The Universe - Total Eclipse video questions

We will add to our "Left Behind" series with other activities for students not traveling to totality in future posts.

Thursday, July 13, 2017

Reining in the kilogram once and for all

It seems we're been here before. More than once. The kilogram: a pesky unit of measure that hasn't been behaving itself.

Derek Muller goes deep into the explanation of the newly redefined kilogram. The task is not trivial. I may need to rewatch this robust explainer a couple of times before it all sinks in. Have a seat and prepare to get your geek on: there will be mathematics!

How We're Redefining the kg

Sunday, July 09, 2017

Total Eclipse of the Sun - Part 3

As I mentioned in Part 2 of this four part series, I will be observing the August 21st total eclipse of the Sun from Madras, Oregon. My main reason for this choice is the prediction for low cloud cover as you can see on this chart from Eclipsophile:
The chart shows there are many other good choices, but Madras is one of the shortest drives for me, nine hours. Another reason I am going to Madras is I was asked to help with the Lowell Observatory Solar Eclipse Experience 2017. This event at Madras High School will include daytime activities and talks by astronomers on Sunday and Monday and night time star gazing on Sunday. If you are planning on being in the Madras area, I encourage you to purchase tickets for this event. In addition to the program of events, your $15 will get you a pair of eclipse glasses, access to a water station, food and beverage vendors, and the air-conditioned auditorium. The eclipse itself will be narrated by solar astronomers. In this post I will describe my contributions to the Lowell event and ideas for you to enhance your total and partial eclipse experience.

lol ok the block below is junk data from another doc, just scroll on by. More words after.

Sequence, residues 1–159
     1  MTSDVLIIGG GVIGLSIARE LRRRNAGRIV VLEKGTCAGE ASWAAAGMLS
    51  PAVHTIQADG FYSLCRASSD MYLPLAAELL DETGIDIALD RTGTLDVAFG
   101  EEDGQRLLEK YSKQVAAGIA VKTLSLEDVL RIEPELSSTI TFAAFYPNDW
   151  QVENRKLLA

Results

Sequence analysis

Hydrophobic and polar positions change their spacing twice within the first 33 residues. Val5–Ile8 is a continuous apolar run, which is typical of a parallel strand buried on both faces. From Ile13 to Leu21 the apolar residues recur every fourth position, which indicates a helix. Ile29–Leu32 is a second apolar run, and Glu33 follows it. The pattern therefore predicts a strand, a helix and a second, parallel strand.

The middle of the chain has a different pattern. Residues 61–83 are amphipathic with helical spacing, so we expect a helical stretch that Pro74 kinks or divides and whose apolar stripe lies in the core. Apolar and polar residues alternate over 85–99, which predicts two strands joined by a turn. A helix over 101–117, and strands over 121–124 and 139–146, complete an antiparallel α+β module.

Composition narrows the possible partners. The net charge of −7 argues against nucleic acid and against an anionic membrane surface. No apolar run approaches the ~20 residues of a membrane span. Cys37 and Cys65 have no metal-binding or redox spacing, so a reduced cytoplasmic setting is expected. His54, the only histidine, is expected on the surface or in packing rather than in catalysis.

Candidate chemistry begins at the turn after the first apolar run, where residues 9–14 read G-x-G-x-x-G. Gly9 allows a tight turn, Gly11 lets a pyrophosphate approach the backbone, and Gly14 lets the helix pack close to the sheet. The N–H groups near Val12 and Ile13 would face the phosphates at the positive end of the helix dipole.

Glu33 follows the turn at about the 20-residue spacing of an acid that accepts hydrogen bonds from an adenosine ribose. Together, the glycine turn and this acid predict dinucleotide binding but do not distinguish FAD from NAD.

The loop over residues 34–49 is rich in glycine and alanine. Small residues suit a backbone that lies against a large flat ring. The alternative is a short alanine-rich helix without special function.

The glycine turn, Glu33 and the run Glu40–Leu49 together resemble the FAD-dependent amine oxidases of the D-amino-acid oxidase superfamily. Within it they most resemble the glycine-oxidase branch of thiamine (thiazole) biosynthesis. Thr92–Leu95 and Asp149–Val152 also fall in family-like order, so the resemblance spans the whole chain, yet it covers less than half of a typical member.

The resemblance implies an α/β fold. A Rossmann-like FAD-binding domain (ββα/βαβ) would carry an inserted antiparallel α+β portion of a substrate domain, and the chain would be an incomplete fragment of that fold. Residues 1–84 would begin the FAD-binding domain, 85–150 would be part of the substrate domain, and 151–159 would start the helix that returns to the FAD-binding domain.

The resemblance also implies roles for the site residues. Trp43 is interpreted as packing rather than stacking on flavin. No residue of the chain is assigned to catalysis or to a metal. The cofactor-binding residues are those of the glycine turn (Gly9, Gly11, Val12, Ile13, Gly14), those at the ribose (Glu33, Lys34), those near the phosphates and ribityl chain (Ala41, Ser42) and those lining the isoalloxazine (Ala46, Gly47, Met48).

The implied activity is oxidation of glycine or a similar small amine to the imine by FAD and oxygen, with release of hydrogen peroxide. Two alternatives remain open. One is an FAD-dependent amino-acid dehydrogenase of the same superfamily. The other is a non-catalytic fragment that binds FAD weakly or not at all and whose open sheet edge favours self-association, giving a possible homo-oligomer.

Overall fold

Rich Krueger contacted me last year about contributing to the Lowell Observatory Eclipse Event. Rich teaches at Flagstaff Arts and Leadership Academy and is a fellow SOFIA Airborne Astronomy Ambassador. Rich flew on SOFIA with Lowell Observatory Curator, Samantha Thompson. Lowell tapped Rich to help fill out the outstanding program they are preparing for the day before and day of the eclipse. Rich originally wanted me to recreate Eddington's total eclipse observation that confirmed Einstein's Theory of General Relativity. I had read Donald Bruns' article in Sky and Telescope and knew this was beyond my skill and bank account. Even Mr. Bruns is only doing half of the experiment. He plans to use undeflected star positions from the Gaia catalog. Eddington did not have this luxury! I assured Rich I would bring something else that would interest and engage the crowd. Others may try to measure the star field around the eclipsed Sun at the Eclipse Experience, but the deflections are so tiny nothing will be evident that day.